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What are the most common prenuptial clauses?

3rd February 2021 Print

There are so many things to think about in advance of a wedding – from choosing a dress and a venue to deciding what food to serve and what flowers to have in your bouquet, and it’s easy to get caught up in all of these fun details. Not all of the advance planning is so enjoyable, however; couples also need to deal with financial issues, like opening a joint bank account, and, in many cases, decide whether or not to see a lawyer about a prenuptial agreement.

Prenuptial agreements have become more common in recent years, and for good reason: having these hard, but critical conversations before marriage can create stronger bonds and help both parties feel confident about their partnership. But their common use doesn’t mean that most people know what goes into a prenuptial agreement, and there are legal restrictions on what can be specified. These are some of the most common clauses included in these documents among couples everywhere along the economic spectrum.

Money Matters

Among the most common clauses included in prenuptial agreements are those that outline both parties’ assets and lay out how assets will be handled if the marriage is dissolved. Often, premarital agreements stipulate that couples will essentially leave the marriage with what they entered with, with marital assets split evenly. However, if premarital assets are so disparate that they would make such an agreement unfair, especially if children are involved, couples can choose to set other terms.

Not Included: Children

On the surface, it seems obvious that children would play an important role in constructing any premarital agreement, with terms differing depending on if there are children involved. In reality, though, issues concerning children are generally off-limits in both prenuptial and post-marital agreements. According to divorce lawyer Rowdy Williams, “The legal terms of a premarital agreement are such that children can’t be used as pawns, and that means the agreement can’t be a factor in who gets child custody or child support payments in a divorce.” 

This is just one reason why it’s important for couples to consult with a lawyer before setting out the terms of a prenuptial or post-marital agreement: to avoid making major mistakes like this. In fact, as a general rule, you should never draw up a legal document without oversight from a professional.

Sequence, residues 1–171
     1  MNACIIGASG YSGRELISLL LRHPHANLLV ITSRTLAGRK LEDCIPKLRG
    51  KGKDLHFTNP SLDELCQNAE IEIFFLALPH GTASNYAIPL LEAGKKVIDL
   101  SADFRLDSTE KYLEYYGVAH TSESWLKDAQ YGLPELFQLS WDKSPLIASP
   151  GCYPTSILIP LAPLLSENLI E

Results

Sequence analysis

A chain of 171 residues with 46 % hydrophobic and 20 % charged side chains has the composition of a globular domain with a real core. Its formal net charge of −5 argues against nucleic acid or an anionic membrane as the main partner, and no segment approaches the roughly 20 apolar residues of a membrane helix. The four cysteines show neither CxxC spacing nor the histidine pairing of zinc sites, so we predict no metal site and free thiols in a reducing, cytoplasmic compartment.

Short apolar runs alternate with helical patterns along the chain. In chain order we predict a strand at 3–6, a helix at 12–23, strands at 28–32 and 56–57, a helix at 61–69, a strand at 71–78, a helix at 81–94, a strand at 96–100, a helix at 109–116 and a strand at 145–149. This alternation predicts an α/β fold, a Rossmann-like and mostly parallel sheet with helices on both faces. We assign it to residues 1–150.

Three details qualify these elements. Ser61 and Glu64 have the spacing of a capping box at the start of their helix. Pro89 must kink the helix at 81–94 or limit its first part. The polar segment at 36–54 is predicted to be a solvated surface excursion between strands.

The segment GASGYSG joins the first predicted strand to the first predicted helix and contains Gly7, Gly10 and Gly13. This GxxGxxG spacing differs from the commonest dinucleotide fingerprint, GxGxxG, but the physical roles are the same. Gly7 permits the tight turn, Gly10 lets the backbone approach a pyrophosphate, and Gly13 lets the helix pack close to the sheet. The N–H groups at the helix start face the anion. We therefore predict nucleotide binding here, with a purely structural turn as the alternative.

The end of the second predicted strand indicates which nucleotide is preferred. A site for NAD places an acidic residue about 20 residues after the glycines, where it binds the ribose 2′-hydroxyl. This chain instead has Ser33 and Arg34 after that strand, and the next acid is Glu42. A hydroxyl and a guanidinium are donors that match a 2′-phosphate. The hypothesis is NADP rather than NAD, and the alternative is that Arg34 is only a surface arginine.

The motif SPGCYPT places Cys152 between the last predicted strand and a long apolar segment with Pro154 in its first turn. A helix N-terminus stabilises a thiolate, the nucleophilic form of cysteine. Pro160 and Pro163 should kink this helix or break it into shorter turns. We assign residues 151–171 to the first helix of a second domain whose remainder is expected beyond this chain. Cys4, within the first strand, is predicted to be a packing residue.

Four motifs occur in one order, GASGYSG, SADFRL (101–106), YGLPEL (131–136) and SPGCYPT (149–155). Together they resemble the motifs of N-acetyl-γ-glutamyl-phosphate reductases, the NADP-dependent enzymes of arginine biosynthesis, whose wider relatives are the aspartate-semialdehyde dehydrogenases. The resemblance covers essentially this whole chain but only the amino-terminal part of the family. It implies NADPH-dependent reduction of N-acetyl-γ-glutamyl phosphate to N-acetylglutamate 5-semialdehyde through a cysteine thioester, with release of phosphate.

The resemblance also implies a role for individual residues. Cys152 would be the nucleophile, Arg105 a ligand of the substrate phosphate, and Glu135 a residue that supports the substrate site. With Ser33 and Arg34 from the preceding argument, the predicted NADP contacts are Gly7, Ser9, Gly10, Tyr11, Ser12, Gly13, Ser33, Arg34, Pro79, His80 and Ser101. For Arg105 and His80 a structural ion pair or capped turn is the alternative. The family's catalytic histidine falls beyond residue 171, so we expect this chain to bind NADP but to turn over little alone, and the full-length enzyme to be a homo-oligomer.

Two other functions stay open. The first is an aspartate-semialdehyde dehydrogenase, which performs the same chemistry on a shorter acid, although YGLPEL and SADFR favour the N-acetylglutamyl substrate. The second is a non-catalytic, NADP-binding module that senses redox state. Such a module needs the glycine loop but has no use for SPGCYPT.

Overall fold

Terms Of Alimony

While a prenuptial agreement cannot be used to determine the terms of child support payments, they can and should include a clause about whether alimony will be granted and any specifics related to this, such as under what terms and how much. Additionally, the terms of alimony are often tied to penalty clauses in prenuptial agreements, meaning that a spouse can be denied alimony if they have an affair or otherwise contravene the terms of the agreement.

Newer Inclusions

Alimony and financial assets may be standard elements of prenuptial agreements, but as social norms change, other items are regularly being added to the list. One of the most contentious among these might be classes as genetic material, specifically sperm, eggs, or embryos banked for reproductive purposes. While couples may not be able to predict whether they’ll go on to use assisted reproductive technologies later in their relationship, they may wish to immediately amend any documents or draw up a post-marital agreement regarding the fate of these materials as there have been a number of custody-style cases regarding use of jointly created embryos.

Every couple is different and whether you choose to draw up a prenuptial agreement is a personal choice, but it’s widely encouraged when there is a significant amount of money involved, if at least one party has been married before or has children from a prior marriage, or even if one person has more debt than the other. These documents offer a small measure of reassurance in an uncertain world, and while they can’t cover everything, many consider that a good reason to have such a contract in hand before they walk down the aisle.